This highly protective polysaccharide layer does not allow the body’s immune system to detect the presence of the microorganisms within it, so they effectively evade the immune response (eg antibodies and neutrophil phagocytosis), and can withstand oxygen, nutrient, and moisture deprivation, altered pH, and the impact of antiseptics and antibiotics.    

Additionally, pathogenic bacteria within biofilms release a wide variety of highly virulent proteases (enzymes that inactivate or break down proteins) and exotoxins to aid the process of infection, which adversely affect growth factors and other susceptible tissue proteins necessary for healing. 2,3,4,5,8

Biofilm: A structured community of microbes with genetic diversity and variable gene expression (phenotype) that creates specific behaviours and defences used to produce chronic infections. Biofilms are characterised by significant tolerance to immune cells and antimicrobial agents while remaining protected from host immunity. 2,3,4,6,7,8,9 

Bacterial proteases are regarded as the most important of all bacterial virulence factors in the establishment of infection.5   

They interfere with immune function in several ways, including breaking down antibodies, impeding immune cell function by suppressing chemotaxis, preventing phagocytosis, and hindering immune cell communication.  

Bacterial proteases induce an excessive and prolonged inflammatory response, which in turn, increases host protease production and interferes with normal protease regulatory mechanisms. This contributes to the vicious circle of delayed healing in which chronic wounds often become trapped. (Refer to figure 2.) 

 Pseudomonas aeruginosa, Staphylococcus aureus, Proteus mirabilis and Enterococcus faecalis are particularly virulent bacterial species that are commonly implicated in wound infection. Pseudomonas aeruginosa is well known for using ‘quorum sensing’ (complex chemical signalling) to coordinate an invasive infective process through the formation of biofilm, swarming motility, and to rapidly increase its numbers.4,5  

Signs of biofilm formation:4


  • Failure of appropriate antimicrobial therapy. 
  • Recurrence of delayed healing or infection on cessation of antimicrobial therapy. 
  • Delayed healing despite optimal wound management and health support. 
  • Increased exudate.  
  • Low-level chronic inflammation. 
  • Low-level erythema. 
  • Poor granulation/friable hyper granulation. 
  • Secondary or ‘covert’ signs of infection. 

The patient’s immune defences are inadequate to eradicate biofilm but recognise its presence with the inappropriate over-recruitment of neutrophils and pro-inflammatory cytokines. Cytokines are specialised ‘signalling molecules’ that stimulate the inflammatory process and the excessive production of of matrix metalloproteinases (MMPs).  

 MMPs are released by macrophages, endothelial cells, and epidermal cells.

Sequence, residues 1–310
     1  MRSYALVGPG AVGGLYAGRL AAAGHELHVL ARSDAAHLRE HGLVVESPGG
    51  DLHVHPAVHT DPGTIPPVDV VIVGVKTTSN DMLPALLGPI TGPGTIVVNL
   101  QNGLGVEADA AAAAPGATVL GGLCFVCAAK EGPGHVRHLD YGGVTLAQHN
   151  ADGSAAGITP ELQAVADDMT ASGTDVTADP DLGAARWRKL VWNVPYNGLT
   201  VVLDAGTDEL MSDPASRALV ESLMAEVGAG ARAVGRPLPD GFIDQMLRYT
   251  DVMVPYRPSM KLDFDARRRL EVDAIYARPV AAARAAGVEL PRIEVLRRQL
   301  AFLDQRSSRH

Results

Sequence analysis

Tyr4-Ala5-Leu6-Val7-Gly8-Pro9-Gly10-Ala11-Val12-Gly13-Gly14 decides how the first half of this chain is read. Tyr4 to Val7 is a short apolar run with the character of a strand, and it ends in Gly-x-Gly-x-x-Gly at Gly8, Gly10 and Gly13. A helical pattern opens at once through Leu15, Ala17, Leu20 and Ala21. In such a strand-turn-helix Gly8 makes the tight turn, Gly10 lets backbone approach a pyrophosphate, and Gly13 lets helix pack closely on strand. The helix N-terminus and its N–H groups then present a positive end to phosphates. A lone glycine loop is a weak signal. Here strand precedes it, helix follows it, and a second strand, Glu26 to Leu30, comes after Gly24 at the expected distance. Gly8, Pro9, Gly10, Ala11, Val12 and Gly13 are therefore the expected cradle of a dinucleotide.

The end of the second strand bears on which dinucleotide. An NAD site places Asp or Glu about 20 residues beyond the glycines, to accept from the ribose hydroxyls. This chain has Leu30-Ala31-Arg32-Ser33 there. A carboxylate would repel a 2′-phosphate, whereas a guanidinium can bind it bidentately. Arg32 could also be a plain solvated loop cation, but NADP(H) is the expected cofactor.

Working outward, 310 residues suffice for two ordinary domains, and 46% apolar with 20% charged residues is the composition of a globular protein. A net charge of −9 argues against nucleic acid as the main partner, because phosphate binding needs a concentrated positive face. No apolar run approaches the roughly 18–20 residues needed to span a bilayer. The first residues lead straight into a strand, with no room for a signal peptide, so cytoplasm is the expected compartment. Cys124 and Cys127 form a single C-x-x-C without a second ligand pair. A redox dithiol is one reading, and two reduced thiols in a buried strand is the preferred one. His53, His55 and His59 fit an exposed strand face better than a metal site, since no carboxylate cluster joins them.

Their normal function is to break down proteins in the ‘remodelling’ of the extracellular matrix (ECM) as healing progresses. However, an oversupply of MMPs will also result in the destruction  of growth factors.  

Therefore, if the rate of extracellular matrix (ECM) degradation matches or exceeds the rate of ECM production, healing will slow down or regress. This then leads to tissue destruction and increased capillary permeability, which in turn, increases exudate levels and provides nutrition for the biofilm. 

Figure 2. Cullen’s circle – the vicious cycle of delayed wound healing 5

Microbiological culture – to swab or not to swab?

Microbiological culture should not be undertaken routinely or without substantial cause.1,4,5,6,7,8 

Only clinically infected wounds should be cultured and preferably by obtaining tissue by curettage or biopsy. If this expertise is not available, the Levine technique for superficial sampling is believed to give the most representative microbiological culture result.4,8 

This is because fluid is expressed from the wound bed, thereby sampling a greater concentration of microorganisms from both the surface and slightly below the surface of the wound. 

  • Wound sampling is an aseptic procedure! Hand hygiene and the wearing of sterile gloves is required. 
  • Collect the specimen before topical or systemic antibiotics are initiated. 
  • The wound bed should be irrigated with sterile normal saline solution beforehand to remove debris and superficial contaminants. 
  • Obtain a swab culture from a viable wound bed – do not swab slough and avoid the edges of the wound.  
  • Pre-moisten the swab with sterile normal saline solution to obtain an optimal yield. 
  • Roll the tip of the swab over 1-2cm area of viable tissue with enough force to produce exudate from the wound bed. 
  • Include relevant patient risk related details and any previous antimicrobial therapy on the laboratory request form.